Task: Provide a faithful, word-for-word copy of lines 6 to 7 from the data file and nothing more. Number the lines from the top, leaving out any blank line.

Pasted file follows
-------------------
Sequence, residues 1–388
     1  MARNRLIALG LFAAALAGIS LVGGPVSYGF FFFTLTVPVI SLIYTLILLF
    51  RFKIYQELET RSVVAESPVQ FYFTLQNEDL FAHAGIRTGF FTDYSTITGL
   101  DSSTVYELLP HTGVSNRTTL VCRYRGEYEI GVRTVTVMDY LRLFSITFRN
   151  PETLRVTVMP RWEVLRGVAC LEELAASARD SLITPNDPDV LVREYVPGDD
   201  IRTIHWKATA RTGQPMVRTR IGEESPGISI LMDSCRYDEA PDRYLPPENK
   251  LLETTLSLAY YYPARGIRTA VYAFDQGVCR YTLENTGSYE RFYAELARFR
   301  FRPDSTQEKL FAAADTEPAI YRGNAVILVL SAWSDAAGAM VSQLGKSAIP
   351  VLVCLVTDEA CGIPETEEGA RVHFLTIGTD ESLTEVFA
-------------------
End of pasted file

   201  IRTIHWKATA RTGQPMVRTR IGEESPGISI LMDSCRYDEA PDRYLPPENK
   251  LLETTLSLAY YYPARGIRTA VYAFDQGVCR YTLENTGSYE RFYAELARFR